June 28, 2013 § 12 Comments
It seems impossible, looking at where I stand today, that I once was a deeply devoted Christian. I was raised in a strict Christian home where indoctrination started early. I was told the beliefs of Christianity before I spoke my first words. When I was just a few weeks old my grandfather, an ordained minister since his early 20s, carried me onto the platform of the church he was then pastor of and took the liberty of dedicating my life to Christ and to the service of the Church. The entirety of my mother’s immediate family, including her two brothers, both ordained ministers themselves, stood around him while he did this, heads bowed, hands outstretched, focusing all their thoughts on my living a ‘Godly life.’ The photographs of this dedication (the Protestant version of a christening) unsettle me, to see my choices being taken from me so early in my life.
I would stay in the Christian fold for the next 17 years, attending church services, Sunday School, bible classes and youth group meetings up to 5 times a week. Every member of my family was a Christian as all their friends were. I didn’t speak to a non-Christian until I went to school, and when I did, it was with the assumption that they were less than me, that they didn’t deserve the same level of respect that a fellow Christian would. Throughout childhood and adolescence I had some non-Christian friends, but they were never as important to me as those I made at church.
I was taught the Christian view on everything during these years and never once did it occur to me to question the truth what I was being told. My grandfather was like God himself, so holy, so devoted to this belief system, that to doubt Christianity would be to doubt him, and that was impossible.
Amongst learning the Bible, I was told put Jesus before everything in your life, including your family. I was also taught that those who were not Christian were going to burn, to be tortured for an eternity in hell. This included those who never heard about Christianity, and was used as justification for the Church wiping out whole cultures and religions, refusing to give a homeless man food unless he listened to a sermon, even dismissing the other branches of Christianity, like Anglicans, and most certainly Catholics, who I was told were practicing idolatry, worshiping statues and necklaces and not God Himself.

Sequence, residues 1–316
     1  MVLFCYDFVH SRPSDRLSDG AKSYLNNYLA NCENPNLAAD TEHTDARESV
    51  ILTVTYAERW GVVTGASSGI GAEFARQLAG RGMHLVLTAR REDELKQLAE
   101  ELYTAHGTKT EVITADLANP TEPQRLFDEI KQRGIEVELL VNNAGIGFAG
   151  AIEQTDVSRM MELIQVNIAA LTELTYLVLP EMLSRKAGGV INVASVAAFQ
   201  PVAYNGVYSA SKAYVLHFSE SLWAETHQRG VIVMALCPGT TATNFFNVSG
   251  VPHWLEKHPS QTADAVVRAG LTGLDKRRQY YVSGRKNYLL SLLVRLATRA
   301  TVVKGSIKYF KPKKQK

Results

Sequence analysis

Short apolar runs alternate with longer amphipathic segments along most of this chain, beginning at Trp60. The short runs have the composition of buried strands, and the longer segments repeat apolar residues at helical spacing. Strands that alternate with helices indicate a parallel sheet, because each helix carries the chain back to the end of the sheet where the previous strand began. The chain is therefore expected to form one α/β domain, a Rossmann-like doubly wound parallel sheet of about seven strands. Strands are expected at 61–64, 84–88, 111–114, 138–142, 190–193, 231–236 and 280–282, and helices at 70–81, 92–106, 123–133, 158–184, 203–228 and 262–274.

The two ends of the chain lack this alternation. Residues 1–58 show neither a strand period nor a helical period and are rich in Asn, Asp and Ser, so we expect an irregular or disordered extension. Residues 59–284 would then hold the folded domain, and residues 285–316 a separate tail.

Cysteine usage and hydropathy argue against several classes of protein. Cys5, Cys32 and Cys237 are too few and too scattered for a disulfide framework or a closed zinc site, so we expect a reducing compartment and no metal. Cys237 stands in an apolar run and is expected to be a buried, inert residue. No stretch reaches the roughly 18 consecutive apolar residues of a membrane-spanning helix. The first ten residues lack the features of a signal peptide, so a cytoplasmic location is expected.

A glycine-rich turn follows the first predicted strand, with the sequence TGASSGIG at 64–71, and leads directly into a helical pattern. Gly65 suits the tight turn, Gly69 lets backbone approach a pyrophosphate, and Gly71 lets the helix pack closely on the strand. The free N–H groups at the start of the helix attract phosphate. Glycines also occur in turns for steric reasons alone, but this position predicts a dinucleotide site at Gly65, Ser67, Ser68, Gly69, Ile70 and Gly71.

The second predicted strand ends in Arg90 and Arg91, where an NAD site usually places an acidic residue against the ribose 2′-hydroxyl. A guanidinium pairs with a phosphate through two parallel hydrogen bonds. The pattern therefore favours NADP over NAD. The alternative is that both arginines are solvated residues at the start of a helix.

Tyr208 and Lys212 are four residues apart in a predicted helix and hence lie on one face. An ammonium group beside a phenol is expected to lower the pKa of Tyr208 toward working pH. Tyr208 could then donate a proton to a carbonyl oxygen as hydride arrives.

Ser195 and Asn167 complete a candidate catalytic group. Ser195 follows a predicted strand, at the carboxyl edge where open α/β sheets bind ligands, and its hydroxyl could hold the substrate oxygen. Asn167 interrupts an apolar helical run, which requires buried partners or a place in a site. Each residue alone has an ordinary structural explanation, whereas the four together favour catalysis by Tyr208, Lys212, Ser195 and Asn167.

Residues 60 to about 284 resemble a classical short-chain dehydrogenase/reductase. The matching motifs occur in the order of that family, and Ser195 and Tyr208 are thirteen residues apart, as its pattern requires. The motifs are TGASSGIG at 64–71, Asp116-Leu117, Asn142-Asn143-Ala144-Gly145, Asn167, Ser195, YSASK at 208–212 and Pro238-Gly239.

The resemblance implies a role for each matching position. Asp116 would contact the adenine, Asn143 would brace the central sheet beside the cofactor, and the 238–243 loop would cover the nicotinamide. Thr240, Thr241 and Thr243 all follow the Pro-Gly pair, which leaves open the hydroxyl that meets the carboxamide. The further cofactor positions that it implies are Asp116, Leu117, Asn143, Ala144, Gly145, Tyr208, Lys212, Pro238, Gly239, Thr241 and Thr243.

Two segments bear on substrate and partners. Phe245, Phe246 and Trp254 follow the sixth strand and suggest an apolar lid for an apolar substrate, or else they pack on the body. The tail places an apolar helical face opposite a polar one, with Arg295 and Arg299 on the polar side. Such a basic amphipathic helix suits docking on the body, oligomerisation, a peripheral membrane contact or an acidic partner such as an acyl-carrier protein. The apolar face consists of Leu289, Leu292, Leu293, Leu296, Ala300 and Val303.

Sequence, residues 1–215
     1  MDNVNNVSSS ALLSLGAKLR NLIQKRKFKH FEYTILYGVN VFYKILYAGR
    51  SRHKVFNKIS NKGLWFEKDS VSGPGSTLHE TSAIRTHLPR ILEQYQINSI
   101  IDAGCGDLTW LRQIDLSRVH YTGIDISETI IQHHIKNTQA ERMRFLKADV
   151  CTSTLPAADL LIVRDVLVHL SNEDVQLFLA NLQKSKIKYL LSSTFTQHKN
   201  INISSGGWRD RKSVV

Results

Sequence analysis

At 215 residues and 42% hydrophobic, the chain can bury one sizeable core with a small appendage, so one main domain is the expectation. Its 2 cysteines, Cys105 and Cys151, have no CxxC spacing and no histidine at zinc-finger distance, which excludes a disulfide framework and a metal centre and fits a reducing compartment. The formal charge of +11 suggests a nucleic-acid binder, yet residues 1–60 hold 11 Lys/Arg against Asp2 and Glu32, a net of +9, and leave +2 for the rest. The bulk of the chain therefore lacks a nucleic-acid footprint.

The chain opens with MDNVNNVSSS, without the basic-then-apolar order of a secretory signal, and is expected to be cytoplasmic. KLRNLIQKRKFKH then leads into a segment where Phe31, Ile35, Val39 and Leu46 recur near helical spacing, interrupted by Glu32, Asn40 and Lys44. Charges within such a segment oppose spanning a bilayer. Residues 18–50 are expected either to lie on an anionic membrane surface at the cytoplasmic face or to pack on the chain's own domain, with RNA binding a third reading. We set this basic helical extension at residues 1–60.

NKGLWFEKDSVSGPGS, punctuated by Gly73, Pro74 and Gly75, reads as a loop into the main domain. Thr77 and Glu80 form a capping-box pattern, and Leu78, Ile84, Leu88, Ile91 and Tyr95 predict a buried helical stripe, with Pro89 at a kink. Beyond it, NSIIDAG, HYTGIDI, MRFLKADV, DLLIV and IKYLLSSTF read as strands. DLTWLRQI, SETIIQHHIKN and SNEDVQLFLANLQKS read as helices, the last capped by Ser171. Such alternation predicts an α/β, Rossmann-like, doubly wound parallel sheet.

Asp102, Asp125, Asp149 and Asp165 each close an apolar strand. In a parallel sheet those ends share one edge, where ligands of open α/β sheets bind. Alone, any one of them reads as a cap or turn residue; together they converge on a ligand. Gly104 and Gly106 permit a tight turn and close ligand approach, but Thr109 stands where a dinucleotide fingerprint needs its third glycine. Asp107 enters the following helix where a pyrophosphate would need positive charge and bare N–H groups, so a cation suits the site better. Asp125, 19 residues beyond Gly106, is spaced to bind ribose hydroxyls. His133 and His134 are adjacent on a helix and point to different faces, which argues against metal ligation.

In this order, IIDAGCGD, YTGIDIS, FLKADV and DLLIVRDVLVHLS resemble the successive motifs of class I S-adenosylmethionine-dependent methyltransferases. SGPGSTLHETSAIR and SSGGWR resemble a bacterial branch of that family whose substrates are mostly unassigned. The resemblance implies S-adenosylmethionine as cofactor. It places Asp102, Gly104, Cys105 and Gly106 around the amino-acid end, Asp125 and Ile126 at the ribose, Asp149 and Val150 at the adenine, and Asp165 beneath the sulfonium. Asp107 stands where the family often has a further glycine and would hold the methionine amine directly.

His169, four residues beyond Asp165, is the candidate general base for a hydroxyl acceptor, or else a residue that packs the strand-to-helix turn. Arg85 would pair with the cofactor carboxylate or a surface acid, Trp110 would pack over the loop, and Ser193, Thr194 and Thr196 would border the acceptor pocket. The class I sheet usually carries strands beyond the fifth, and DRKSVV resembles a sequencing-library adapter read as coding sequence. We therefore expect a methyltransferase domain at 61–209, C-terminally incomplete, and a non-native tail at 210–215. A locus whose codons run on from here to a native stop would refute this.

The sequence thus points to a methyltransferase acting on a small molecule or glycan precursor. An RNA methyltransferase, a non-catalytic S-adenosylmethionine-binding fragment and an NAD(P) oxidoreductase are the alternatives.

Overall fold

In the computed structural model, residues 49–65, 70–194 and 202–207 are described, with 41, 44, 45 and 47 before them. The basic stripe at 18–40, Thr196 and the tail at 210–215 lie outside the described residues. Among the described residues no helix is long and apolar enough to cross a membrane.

I distinctly remember one sermon where a visiting preacher told us in the congregation that AIDS was a punishment God had created for gay people. I remember this moment so clearly because since the start of my sexual development I had felt myself physically attracted to other women.
For the first 14 years of my life, I didn’t even know that you could be gay, that it was actually something that even existed. It was pop culture that taught me about homosexuality, about people out there living a life where they were attracted to the same sex. This was an abomination, I was told, a demon that had taken hold of their soul. Thinking about the innocent crushes I would get on my female friends, I would, with tears of pure fright pouring down my face, beg God to rid me of this demon.
I was also told, in no uncertain terms, that abortion was murder. When I was 13 years old, I joined the members of the large congregation of the church I attended to line the busiest street in our town and hold up signs that read ‘ABORTION KILLS CHILDREN’ and ‘ABORTION IS MURDER.’ The main thing I remember about this day is my total lack of understanding for what I was purporting. I never once questioned the assertion of abortion being murder, never questioned why as a sheltered 13 years old my opinion on something that I knew nothing about was in any way untrue.